I finished work on Friday, and the very next day, Mike and I headed out on the next installment of our adventure in Taiwan: 我們騎自行車環島. We are riding our bicycles around Taiwan! We started with the northern cross highway over the mountains to the East coast, and I’m currently sitting in a great B&B in Luodong writing this. I have been taking some notes, and I’m going to write a more detailed description of everything when we get back to Hsinchu. Until then!
Baseball’s a popular sport in Taiwan, and on Thursday we got out to see a CPBL (Chinese Professional Baseball League) game! There are four teams which rotate play through 12 stadiums across the island. The number of games at each stadium is weighted by population, and Hsinchu’s stadium has 10 scheduled games (out of 240 total) this season. I was really excited for this game, as there won’t be another in town until the end of July.
When you drive around the Hsinchu area, it is not uncommon to see many people sitting in lawn chairs around shallow, aerated concrete ponds. As it turns out, they are shrimp fishing, a popular pastime here!
I’ve been intrigued by it for a while, and a friend just had his birthday party at a shrimp fishing place that is near his house. I should tell you now, we don’t live that close to the coast. It turns out that urban shrimp fishing adds convenience to the joy of fishing… by bringing it right to your doorstep!
It is pretty simple to do. First you rent a rod by the hour, with bait provided. The proprietor at our pond was even kind enough to check that the hooks and float were set to the right length. That’s all that you really need! Stick a small piece of bait on your hook and then be patient. You simply watch your float, and as soon as it moves unusually, you tug the shrimp out of the water and stick it in your net. Here we are giving it a try:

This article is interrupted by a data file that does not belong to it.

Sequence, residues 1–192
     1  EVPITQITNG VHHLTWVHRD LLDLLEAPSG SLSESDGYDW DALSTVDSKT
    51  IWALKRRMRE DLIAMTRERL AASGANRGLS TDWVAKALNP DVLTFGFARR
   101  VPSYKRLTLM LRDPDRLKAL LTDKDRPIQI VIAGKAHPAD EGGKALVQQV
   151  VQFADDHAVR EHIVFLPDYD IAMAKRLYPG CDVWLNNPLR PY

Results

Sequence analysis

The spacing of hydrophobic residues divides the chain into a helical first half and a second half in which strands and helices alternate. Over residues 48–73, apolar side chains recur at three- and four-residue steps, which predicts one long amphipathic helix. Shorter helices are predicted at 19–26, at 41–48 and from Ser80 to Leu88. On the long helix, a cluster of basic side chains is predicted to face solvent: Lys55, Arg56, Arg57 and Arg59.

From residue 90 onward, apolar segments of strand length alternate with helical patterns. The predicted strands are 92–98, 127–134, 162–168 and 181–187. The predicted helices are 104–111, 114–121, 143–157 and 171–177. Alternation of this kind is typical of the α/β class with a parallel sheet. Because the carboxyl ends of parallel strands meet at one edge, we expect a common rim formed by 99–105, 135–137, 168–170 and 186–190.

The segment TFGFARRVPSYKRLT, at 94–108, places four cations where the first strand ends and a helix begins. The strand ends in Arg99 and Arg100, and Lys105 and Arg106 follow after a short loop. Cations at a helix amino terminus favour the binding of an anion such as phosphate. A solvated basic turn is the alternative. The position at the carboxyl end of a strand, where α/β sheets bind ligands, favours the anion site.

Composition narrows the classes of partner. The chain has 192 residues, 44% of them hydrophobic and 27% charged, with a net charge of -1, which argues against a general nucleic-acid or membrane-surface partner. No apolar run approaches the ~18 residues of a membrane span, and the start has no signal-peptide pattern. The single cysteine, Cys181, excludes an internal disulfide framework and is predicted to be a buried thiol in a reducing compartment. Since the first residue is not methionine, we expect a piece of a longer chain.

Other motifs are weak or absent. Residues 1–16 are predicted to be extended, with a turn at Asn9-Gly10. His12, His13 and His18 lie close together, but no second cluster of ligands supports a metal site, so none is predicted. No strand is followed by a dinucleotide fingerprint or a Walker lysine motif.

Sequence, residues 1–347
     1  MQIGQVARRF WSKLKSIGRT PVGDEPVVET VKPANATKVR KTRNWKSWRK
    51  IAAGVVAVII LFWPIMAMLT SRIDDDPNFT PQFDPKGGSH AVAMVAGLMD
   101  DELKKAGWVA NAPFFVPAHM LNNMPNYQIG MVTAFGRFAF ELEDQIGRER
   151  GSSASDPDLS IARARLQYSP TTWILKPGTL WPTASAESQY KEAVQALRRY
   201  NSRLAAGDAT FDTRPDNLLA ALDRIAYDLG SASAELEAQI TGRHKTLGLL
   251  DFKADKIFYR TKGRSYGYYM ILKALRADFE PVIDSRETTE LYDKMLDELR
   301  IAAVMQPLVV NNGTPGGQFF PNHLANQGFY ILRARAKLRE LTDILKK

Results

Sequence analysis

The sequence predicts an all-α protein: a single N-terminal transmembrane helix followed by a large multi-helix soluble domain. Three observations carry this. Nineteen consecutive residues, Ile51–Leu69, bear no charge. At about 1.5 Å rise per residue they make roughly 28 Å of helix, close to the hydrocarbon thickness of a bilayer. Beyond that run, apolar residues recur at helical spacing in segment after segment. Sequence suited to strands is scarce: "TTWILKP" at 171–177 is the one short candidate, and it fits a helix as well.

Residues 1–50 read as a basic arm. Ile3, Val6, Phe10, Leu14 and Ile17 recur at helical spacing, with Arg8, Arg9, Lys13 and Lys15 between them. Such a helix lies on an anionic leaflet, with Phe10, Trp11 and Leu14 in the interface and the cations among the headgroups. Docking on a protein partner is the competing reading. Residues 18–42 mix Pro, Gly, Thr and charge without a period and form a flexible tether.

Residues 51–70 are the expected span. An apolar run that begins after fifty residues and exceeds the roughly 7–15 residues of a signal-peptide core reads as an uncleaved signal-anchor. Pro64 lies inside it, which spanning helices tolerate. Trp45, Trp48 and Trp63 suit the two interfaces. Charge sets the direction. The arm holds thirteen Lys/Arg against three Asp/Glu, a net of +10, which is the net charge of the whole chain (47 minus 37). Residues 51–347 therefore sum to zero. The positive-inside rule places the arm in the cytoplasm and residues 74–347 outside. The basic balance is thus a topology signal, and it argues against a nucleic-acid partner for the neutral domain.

We were told the shrimp weren’t too active because of the cool weather, but each of us landed to manage a few! The best part is that when you are done they’re salted, barbecued and served with soy sauce and wasabi. Yum!
Want to see shrimp fishing in action? The BBC did a story about it in November, which you can watch here.
The last leg of our Chinese New Year vacation was in Cambodia. We spent a few days using Siem Reap as a base from which to explore the temples of Angkor, and then took a bus down to Phnom Penh, where we flew home from.
This was the big day of the trip, and the one I was most worried about going wrong. There are so many accounts of other travellers having a tough time with this leg of the typical Southeast Asian tour, and I was determined not to have any trouble if it could be helped. In the end it went off without a hitch!
With the arrival of Chinese New Year and a 2 week vacation, Mike and I set out for a whirlwind tour of parts of Southeast Asia. The plan: to fly to Singapore and make our way mostly by surface travel to Phnom Penh, Cambodia over 2.5 weeks. We spent the first week with my dad’s girlfriend Olivia’s family in Malaysia and Singapore before hopping onto a plane to Koh Samui, Thailand for some relaxing on the beach.